The two sides of goal intentions: Intention self-concordance and intention strength as predictors of physical activity
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Objective: The present research introduces an extended conceptualisation of self-concordance, which is considered an attribute not only of goals, but also of goal intentions. Based on a corresponding operationalisation, we investigate the interplay of both intention strength and intention self-concordance in the prediction of physical activity. Design: Data were taken from a longitudinal study of 134 obese people who were asked to fill out a questionnaire three times every six months. Main measures: Physical activity and intention self-concordance were measured by validated scales. Intentions strength was assessed by an item typically employed in the extant literature. Results: Logistic regression analyses and path analyses showed both intention strength and self-concordance to be significant predictors of changes in physical activity over time. Additional analyses found self-efficacy to be a significant predictor of intention strength and self-concordance; for outcome expectations this was not the case. Conclusions: Findings support the idea that intention strength and self-concordance are two critical facets of a goal intention that need to be considered in the prediction of physical activity participation. Whereas intention strength refers to the degree of determination with which a goal intention is adopted, self-concordance rather captures the quality of this intention.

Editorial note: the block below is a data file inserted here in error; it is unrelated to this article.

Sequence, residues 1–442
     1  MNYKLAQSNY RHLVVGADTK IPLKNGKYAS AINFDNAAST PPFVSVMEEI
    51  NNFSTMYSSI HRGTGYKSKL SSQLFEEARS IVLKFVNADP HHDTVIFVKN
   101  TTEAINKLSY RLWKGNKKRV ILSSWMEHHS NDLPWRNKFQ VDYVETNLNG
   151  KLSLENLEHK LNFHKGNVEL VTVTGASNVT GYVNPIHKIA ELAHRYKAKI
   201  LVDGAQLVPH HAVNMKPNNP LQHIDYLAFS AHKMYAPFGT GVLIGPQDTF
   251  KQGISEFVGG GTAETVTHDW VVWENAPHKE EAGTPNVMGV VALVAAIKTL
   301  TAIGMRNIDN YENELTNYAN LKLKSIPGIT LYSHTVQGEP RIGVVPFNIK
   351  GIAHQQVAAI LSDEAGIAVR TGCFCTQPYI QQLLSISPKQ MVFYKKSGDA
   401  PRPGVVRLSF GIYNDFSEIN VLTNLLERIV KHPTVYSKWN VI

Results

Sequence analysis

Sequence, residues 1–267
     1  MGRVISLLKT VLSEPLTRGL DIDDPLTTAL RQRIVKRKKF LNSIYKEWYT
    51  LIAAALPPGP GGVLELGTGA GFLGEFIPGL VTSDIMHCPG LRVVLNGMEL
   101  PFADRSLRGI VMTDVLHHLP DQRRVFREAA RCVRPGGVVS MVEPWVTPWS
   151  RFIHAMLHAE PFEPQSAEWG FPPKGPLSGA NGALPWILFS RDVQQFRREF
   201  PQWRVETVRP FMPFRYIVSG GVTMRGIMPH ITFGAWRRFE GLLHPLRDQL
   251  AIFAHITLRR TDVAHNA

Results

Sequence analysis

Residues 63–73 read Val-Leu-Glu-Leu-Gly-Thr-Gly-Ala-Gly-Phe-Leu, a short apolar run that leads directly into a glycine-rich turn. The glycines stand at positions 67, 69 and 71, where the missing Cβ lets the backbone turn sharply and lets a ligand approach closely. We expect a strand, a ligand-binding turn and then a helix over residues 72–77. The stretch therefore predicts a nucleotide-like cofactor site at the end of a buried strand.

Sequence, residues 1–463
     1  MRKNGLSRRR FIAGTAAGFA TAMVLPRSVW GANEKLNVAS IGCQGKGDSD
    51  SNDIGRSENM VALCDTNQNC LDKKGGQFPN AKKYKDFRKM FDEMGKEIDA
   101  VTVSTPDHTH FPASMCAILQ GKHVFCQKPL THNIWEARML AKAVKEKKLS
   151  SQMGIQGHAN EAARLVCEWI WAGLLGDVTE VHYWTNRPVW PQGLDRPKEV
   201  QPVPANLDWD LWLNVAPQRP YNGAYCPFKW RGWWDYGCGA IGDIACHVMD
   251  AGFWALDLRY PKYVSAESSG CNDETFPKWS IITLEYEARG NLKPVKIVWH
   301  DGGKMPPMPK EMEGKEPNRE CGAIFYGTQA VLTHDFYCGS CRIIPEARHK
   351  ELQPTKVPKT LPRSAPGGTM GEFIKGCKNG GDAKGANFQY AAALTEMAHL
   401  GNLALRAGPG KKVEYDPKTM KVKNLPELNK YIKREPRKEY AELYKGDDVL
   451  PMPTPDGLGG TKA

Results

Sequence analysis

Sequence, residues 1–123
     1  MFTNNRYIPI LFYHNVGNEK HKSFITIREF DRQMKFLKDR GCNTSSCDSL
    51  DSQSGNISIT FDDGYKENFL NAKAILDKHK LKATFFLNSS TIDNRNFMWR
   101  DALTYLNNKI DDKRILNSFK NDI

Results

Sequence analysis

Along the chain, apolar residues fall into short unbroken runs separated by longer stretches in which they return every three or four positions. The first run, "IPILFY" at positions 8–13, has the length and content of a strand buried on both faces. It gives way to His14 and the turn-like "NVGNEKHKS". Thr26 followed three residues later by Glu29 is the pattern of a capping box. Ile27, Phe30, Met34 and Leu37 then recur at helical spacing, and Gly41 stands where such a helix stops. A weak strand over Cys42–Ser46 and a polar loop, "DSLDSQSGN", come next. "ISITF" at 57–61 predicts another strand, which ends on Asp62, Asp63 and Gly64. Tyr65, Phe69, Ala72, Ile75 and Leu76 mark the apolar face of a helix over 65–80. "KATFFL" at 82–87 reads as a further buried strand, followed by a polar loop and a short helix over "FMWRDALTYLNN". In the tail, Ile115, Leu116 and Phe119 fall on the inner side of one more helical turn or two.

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Rebar, Amanda; Elavsky, S.; Maher, J.; Doerksen, S.; Conroy, D. (2014)Physical activity is regulated by controlled processes, such as intentions, and automatic processes, such as habits. Intentions relate to physical activity more strongly for people with weak habits than for people with ...
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